• Transaction history (TH) – An electronic statement that includes the transaction information for each prior transaction for a product back to the manufacturer. 
  • Transaction Information (TI) – information about the drug product required to be included with transfer of ownership of a drug product between supply chain partners and includes the following information: 
    • Proprietary or established name or names of the product; 
    • Strength and dosage form of the product; 
    • Container size; 
    • Number of containers; 
    • Date of the transaction; 
    • Date of the shipment, if more than 24 hours after the date of the transaction; 
    • Business name and address of the person from whom ownership is being transferred;  
    • Business name and address of the person to whom ownership is being transferred;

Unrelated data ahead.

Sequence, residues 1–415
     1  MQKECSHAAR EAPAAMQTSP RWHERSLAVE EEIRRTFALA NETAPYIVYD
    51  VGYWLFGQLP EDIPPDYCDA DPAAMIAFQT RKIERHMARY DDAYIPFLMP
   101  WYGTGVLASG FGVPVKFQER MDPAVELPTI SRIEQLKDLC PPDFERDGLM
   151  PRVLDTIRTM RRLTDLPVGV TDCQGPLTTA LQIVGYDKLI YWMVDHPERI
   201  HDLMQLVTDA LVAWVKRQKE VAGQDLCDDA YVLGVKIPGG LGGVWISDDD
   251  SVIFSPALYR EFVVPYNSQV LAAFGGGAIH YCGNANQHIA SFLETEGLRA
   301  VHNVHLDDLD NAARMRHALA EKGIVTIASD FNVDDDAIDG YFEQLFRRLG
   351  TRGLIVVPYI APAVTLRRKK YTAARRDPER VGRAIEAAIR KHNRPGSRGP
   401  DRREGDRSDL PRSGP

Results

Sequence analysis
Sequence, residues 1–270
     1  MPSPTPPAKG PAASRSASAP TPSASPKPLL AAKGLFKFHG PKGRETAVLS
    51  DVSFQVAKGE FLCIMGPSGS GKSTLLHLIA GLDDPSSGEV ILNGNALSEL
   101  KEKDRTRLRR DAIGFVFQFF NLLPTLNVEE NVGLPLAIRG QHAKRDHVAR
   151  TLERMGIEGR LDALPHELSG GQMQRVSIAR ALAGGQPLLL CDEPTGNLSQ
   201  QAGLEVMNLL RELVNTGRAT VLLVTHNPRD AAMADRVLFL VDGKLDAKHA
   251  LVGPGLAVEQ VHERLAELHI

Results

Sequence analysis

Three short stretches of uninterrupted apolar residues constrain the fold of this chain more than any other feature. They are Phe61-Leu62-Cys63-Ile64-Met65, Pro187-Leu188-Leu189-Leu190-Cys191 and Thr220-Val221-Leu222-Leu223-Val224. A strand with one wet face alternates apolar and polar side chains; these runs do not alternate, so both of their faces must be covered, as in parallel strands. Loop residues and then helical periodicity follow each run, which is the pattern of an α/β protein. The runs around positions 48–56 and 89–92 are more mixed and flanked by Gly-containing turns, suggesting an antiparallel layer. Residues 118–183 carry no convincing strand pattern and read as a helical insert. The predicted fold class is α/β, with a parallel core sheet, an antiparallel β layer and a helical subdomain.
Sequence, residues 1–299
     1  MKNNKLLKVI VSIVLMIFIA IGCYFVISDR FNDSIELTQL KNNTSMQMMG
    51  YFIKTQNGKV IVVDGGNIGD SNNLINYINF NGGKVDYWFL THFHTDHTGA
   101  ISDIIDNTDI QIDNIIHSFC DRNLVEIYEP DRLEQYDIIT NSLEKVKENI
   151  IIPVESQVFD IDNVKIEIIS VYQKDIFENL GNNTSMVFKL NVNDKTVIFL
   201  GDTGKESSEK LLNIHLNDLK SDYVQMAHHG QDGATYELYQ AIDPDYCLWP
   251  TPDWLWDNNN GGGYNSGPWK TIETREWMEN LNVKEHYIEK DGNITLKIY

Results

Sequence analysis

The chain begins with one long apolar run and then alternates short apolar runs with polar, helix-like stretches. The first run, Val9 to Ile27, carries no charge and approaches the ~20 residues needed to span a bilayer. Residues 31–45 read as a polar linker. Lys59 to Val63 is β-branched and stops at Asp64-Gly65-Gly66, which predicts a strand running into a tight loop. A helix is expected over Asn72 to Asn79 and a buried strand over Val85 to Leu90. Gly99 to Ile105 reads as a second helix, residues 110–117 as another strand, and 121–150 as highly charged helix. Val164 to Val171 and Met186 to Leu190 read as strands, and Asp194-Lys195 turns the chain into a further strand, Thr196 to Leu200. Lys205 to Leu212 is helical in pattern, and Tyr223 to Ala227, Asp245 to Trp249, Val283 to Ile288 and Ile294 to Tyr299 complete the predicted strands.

• National Drug Code number of the product; 
    • Lot number of the product; 

November 27, 2023 the following two elements must be added to the Transaction Information:  Serial Number (new) & Expiry (new)

  • Transaction statement (TS) – Paper or electronic attestation by the entity transferring ownership of the product that it: 
    • Received the product from an authorized party 
    • Received the TI and TS from the previous owner of the product 
    • Did not knowingly ship suspect or illegitimate product 
    • Selling entity has systems and processes in place to perform verification 
    • Selling entity did not knowingly provide false transaction information and did not alter the transaction history 
  • Wholesaler – pharmaceutical supply partners that purchase, house, and warehouse drug products for final purchase typically by dispensers.  Wholesalers do not distribute to patients.